The Southwestern Historical Quarterly, Volume 55, July 1951 - April, 1952 Page: 80
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Southwestern Historical Quarterly
the Lipan chief, forty women and children, and about sixty-five
ponies were captured.1
The most dangerous part of the raid lay in the retreat, for the
hostile countryside had been aroused. Shortly after noon, the
column, with no rest or sleep for the men, began the backtrack.
It was a night of horror and agony for the exhausted troopers,
but the Rio Grande was reached on the following morning and
was forded safely at Green Van's Ford.12 Colonel Mackenzie in
his report of this action wrote "I wish also to mention Lieu-
tenant Bullis, with the Seminole Scouts, who behaved under the
command of that gallant officer very well."13 Mackenzie had gam-
bled and won and there were no adverse repercussions from the
United States authorities. One of the favorable results was the
promotion of Bullis to first lieutenant on June so, 1873.14
The Seminole scouts were an interesting outfit. They were
descendants of runaway negro slaves and the Seminole Indians
of Florida who had fought the United States Army to a standstill
in the decade ending in 1844. They had finally been pacified by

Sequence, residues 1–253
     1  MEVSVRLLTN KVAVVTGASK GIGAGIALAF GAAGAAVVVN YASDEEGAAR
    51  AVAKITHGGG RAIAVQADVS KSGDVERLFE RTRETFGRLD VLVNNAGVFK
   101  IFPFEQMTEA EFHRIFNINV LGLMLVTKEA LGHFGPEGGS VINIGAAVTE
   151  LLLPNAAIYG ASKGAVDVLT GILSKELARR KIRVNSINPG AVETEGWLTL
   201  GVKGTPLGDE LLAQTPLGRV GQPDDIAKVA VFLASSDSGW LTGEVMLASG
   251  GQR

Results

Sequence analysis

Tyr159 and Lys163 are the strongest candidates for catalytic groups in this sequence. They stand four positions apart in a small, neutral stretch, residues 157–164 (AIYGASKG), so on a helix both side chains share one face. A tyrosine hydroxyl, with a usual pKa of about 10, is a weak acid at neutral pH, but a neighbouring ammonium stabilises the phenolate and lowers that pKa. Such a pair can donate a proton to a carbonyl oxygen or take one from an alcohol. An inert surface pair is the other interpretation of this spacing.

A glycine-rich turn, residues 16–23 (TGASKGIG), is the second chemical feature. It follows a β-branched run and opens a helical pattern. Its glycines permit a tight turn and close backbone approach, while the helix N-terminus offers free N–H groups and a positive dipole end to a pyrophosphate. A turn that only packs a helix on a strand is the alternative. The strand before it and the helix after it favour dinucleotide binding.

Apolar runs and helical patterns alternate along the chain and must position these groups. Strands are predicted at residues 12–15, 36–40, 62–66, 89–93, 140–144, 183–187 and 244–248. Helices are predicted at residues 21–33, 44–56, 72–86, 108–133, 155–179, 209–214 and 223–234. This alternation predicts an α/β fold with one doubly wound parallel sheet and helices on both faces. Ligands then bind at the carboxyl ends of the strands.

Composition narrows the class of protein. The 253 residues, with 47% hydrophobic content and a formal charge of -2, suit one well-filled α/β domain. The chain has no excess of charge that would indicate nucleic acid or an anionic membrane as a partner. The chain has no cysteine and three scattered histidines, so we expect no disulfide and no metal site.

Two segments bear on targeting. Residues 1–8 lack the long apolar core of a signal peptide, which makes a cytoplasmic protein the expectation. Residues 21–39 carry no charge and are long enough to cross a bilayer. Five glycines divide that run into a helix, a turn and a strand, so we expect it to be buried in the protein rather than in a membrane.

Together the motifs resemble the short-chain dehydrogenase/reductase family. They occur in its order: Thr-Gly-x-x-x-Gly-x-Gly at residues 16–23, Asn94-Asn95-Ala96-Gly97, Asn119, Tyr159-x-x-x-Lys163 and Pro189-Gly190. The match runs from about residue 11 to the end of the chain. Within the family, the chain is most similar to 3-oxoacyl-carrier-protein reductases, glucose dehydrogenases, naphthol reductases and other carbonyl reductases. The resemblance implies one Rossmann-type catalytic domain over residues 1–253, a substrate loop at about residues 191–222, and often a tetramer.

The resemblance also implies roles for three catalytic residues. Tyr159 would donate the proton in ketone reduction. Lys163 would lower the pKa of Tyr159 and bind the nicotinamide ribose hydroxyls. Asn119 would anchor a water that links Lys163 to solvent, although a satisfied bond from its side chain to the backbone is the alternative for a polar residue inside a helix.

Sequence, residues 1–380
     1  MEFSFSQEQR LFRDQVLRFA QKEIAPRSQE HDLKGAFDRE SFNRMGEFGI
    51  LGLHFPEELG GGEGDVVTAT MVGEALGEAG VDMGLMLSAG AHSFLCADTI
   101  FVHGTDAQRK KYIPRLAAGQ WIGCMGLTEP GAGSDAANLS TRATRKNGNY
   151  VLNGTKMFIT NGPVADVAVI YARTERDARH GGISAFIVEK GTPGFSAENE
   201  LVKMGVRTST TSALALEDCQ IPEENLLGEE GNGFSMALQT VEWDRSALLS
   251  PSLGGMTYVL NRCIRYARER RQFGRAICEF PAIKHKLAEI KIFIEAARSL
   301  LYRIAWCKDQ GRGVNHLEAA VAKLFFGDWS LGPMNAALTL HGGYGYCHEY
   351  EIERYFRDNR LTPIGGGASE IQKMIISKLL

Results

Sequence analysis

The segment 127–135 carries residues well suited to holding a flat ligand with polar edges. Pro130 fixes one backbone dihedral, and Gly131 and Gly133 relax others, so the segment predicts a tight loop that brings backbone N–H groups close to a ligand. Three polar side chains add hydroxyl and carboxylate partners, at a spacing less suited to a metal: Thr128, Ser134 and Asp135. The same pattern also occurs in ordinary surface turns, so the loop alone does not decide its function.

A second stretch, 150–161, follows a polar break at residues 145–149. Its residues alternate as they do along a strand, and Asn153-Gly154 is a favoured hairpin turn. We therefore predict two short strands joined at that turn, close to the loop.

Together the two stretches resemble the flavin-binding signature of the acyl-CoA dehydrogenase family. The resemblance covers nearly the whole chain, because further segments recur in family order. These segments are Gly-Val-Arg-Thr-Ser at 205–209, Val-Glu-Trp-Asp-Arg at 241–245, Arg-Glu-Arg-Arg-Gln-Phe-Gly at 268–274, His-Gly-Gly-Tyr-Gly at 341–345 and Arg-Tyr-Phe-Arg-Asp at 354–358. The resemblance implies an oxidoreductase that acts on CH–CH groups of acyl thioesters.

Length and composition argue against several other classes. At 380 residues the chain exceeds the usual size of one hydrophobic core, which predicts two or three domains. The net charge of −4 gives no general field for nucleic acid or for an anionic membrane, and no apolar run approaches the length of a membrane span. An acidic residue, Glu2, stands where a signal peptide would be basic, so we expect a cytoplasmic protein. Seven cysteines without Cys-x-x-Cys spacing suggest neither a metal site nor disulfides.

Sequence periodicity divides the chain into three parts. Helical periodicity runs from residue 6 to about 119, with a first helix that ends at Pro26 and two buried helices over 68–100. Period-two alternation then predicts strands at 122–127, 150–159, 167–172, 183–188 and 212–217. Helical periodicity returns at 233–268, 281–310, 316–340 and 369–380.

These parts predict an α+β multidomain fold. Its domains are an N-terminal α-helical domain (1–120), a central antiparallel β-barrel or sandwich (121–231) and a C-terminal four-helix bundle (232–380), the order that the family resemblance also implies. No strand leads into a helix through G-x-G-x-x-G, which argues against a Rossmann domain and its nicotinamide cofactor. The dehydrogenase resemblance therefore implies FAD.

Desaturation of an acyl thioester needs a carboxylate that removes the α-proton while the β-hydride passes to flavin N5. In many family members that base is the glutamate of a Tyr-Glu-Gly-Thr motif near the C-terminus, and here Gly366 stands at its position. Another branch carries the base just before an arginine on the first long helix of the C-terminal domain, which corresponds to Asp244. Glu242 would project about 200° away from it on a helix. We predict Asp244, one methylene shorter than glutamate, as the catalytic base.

General William Jenkins Worth, and many of them had been
transported from Florida to Indian Territory. But one band of
irreconcilables, under the leadership of the doughty chief Wild
Cat, had refused to remain put and had fled to the Mexican
side of the Rio Grande in the neighborhood of Piedras Negras.
In 1870 these Seminole Negroes were invited to enlist as scouts
for the United States Army and many of them did so, bringing
their families and settling on the reservation about Fort Clark.'5
Lieutenant Bullis was in command of this detachment from
March, 1873, until June, 1881, and during this period he led
his men on twenty-five operations in the field against hostile
Indians. These scouting expeditions lasted from a few days to a
month, usually for the longer time. Years later, Joseph Phillips,
one of these scouts, had this to say of his commanding officer:
laExtract from General Order No. 6, Department of Texas, June 2, 1873. In-
cluded in Statement as to the Military Record ... of Brevet Major John L. Bullis
15Frost Woodhull, "The Seminole Indian Scouts on the Border," Frontier Times,
Vol. 15, No. 3 (December 1937), 118-127.
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Texas State Historical Association. The Southwestern Historical Quarterly, Volume 55, July 1951 - April, 1952, periodical, 1952; Austin, Texas. (https://texashistory.unt.edu/ark:/67531/metapth101139/m1/102/: accessed March 18, 2019), University of North Texas Libraries, The Portal to Texas History, https://texashistory.unt.edu; crediting Texas State Historical Association.